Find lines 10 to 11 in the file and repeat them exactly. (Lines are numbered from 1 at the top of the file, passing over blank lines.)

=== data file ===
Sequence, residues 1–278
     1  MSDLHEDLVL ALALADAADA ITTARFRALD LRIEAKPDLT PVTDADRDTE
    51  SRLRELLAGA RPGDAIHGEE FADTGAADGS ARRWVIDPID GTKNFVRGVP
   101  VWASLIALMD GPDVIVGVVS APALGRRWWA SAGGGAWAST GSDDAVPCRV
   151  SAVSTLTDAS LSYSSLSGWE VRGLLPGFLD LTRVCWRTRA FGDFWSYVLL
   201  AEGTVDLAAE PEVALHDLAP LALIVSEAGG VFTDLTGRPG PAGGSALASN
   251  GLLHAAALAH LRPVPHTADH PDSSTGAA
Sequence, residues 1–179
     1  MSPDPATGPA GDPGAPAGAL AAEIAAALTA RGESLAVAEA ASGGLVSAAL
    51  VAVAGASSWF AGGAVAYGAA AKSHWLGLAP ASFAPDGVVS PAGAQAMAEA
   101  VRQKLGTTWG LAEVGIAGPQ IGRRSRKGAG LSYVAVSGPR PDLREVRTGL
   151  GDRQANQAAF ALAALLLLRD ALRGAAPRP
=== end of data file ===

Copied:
    51  VAVAGASSWF AGGAVAYGAA AKSHWLGLAP ASFAPDGVVS PAGAQAMAEA
   101  VRQKLGTTWG LAEVGIAGPQ IGRRSRKGAG LSYVAVSGPR PDLREVRTGL